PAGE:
Indigenous Studies is a rapidly growing field of enquiry both nationally and internationally. The internationalisation of the discipline is dependent on its interdiciplinarity and on the collaborative efforts of interdisciplinary scholars. Colonised Indigenous people globally share similar experiences despite differences in histories and contexts. In collaborative situations, dedicated scholarship brings together Indigenous people and allies who are committed to the global expansion of Indigenous knowledge through shared understandings of experiences and histories. Collective efforts can improve curriculum development, enhance opportunities for publication, bring scholars together in conferences and symposia and provide opportunities for new research networks for Indigenous scholarship. This paper addresses spheres of collaborative and collective endeavours that continue to reap benefits nationally and internationally in the field of international Indigenous Studies.
Beaches and dunes of the open coast form one of the globe’s longest ecological interfaces, linking the oceans with the land. These systems are of great importance to society as prime sites for housing and recreation, buffers against storms, and providers of fisheries and mineral resources. By contrast, their unique ecological attributes and biodiversity are much less recognized. In this chapter, we provide a synthesis of the key ecological features and functions of beaches and dunes, outline the main elements of their faunal biodiversity, examine human threats and their biological consequences, and sketch some salient issues in management to achieve conservation of these unique ecosystems. It is apparent that the range of ecosystem goods and services is broad, but nutrient cycling, water filtration, and the provision of habitat and prey for a diverse range of animals are often the key ecological traits. Contrary to common perceptions, beaches and dunes contain a diverse and unique set of species, many of which are found nowhere else. In addition to the complement of highly adapted invertebrates, many wildlife species (e.g. birds, turtles, fishes) are dependent on beaches and dunes for nesting and feeding, and they use these habitats extensively. Human pressures on sandy shorelines and their biodiversity are numerous. Coastal squeeze is, however, the most pervasive, trapping beaches and their biota between the pressures of development from the terrestrial side and the consequences of climate change from the marine side. Beaches are also naturally malleable habitats whose interlinkages, including the exchange of organisms, with the abutting dunes and surf zones are essential to their functioning. Unfortunately, human actions intended to arrest the dynamics of beach habitats, such as seawalls and dune stabilizations, run counter to these natural dynamics and generally produce negative environmental outcomes. These present a set of formidable management challenges when the primary goal is to conserve intact ecosystems and biodiversity, calling for more systematic approaches in conservation design and implementation for beach and dune ecosystems.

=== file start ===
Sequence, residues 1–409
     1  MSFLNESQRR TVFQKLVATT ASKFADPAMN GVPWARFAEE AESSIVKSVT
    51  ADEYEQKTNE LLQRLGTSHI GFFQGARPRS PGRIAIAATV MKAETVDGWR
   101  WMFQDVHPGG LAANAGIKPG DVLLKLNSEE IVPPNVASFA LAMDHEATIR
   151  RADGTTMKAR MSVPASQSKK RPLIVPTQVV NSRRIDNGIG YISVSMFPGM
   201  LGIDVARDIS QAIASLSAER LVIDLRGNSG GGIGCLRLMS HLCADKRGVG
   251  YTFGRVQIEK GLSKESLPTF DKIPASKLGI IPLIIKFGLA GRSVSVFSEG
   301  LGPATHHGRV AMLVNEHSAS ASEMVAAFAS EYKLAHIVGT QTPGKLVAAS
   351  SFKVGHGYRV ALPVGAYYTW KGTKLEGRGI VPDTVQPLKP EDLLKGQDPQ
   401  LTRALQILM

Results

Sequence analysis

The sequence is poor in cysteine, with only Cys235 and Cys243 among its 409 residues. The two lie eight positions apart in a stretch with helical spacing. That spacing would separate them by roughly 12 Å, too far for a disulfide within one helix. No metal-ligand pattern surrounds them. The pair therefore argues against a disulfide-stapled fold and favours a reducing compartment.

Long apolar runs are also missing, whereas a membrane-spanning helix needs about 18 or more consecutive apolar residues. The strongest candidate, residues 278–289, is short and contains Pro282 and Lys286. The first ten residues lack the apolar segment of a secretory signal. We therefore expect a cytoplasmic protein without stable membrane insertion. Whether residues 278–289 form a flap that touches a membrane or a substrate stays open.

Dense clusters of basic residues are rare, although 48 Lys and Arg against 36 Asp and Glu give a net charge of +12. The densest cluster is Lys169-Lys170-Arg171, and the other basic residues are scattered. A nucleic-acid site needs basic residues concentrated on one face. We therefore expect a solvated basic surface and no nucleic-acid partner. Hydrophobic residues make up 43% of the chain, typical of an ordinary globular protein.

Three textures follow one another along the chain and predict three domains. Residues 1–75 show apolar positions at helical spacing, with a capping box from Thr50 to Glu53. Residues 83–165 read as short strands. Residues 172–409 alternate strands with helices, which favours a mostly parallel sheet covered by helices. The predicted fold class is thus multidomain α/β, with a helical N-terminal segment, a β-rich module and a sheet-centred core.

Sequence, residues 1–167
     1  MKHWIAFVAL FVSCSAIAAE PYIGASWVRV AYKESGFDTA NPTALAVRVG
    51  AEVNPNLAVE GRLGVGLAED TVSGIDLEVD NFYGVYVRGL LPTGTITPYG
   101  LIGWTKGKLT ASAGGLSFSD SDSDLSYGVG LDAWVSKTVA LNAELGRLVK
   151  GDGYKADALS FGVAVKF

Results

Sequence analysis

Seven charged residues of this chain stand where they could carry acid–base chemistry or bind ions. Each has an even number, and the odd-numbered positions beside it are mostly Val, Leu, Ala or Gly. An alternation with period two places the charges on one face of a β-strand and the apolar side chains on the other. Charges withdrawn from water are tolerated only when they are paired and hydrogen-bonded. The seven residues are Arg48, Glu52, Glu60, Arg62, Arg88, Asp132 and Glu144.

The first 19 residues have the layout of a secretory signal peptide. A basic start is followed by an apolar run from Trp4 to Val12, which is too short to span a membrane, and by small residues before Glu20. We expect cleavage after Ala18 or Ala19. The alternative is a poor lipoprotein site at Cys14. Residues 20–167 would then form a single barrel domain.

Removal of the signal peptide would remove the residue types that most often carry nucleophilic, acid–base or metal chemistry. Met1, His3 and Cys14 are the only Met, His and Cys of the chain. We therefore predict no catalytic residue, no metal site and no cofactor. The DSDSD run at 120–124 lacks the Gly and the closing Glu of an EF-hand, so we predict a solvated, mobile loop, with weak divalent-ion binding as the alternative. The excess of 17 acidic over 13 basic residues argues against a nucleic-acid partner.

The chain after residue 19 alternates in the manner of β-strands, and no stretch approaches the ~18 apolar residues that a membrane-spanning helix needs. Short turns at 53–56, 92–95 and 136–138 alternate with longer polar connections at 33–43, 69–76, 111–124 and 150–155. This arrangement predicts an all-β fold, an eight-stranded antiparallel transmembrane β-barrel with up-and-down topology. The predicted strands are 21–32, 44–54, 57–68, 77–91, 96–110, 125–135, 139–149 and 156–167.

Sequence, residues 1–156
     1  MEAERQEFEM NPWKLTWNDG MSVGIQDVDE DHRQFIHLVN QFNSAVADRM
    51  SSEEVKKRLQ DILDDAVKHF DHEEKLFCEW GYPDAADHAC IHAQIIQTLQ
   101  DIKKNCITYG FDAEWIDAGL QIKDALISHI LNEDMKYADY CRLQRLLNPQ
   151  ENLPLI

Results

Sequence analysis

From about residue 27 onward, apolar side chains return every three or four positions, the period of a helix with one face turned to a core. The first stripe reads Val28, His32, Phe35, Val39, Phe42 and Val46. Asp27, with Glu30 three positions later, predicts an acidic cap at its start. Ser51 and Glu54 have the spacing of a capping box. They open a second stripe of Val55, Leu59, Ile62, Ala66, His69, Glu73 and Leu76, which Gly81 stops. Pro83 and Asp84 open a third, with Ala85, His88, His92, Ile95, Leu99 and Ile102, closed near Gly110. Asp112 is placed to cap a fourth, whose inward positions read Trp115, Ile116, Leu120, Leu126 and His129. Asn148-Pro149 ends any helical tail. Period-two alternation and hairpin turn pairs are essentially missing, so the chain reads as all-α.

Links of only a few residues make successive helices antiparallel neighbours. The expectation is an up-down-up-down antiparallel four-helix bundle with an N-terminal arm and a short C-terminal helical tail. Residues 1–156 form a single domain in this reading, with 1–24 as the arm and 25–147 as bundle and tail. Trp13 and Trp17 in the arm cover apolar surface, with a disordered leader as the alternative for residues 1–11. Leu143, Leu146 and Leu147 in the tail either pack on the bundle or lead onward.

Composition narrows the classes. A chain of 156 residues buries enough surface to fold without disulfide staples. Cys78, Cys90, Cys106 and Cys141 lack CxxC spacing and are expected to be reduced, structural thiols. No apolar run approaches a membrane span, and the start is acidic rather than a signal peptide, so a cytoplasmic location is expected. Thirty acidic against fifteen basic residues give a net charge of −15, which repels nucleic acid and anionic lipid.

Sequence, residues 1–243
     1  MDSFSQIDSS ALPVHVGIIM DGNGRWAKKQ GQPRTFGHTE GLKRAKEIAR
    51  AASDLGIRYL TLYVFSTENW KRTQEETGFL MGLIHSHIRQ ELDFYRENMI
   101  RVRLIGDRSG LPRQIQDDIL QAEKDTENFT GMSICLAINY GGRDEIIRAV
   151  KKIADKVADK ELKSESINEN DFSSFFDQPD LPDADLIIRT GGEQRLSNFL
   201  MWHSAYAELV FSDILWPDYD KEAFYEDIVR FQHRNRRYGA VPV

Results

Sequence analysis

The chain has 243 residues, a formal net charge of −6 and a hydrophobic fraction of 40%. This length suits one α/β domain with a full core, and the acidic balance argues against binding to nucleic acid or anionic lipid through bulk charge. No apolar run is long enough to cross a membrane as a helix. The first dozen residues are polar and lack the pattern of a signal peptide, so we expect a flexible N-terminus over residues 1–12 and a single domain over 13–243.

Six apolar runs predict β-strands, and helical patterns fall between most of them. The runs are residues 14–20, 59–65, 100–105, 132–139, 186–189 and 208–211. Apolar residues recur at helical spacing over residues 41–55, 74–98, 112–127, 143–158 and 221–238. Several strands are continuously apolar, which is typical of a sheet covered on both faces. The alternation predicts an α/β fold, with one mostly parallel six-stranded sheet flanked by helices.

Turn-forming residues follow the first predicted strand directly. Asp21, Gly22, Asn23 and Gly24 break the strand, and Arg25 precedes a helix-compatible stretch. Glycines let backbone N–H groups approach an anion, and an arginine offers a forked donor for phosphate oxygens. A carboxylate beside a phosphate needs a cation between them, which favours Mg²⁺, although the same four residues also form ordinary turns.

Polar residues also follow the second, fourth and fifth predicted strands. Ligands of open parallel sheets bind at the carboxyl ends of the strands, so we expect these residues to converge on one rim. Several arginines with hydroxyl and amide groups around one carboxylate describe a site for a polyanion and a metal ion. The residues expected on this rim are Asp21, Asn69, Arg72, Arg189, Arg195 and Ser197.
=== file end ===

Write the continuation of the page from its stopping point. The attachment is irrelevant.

This indispensable sourcebook covers conceptual and practical issues in research design in the field of social and personality psychology. Key experts address specific methods and areas of research, contributing to a comprehensive overview of contemporary practice. This updated and expanded second edition offers current commentary on social and personality psychology, reflecting the rapid development of this dynamic area of research over the past decade. With the help of this up-to-date text, both seasoned and beginning social psychologists will be able to explore the various tools and methods available to them in their research as they craft experiments and imagine new methodological possibilities.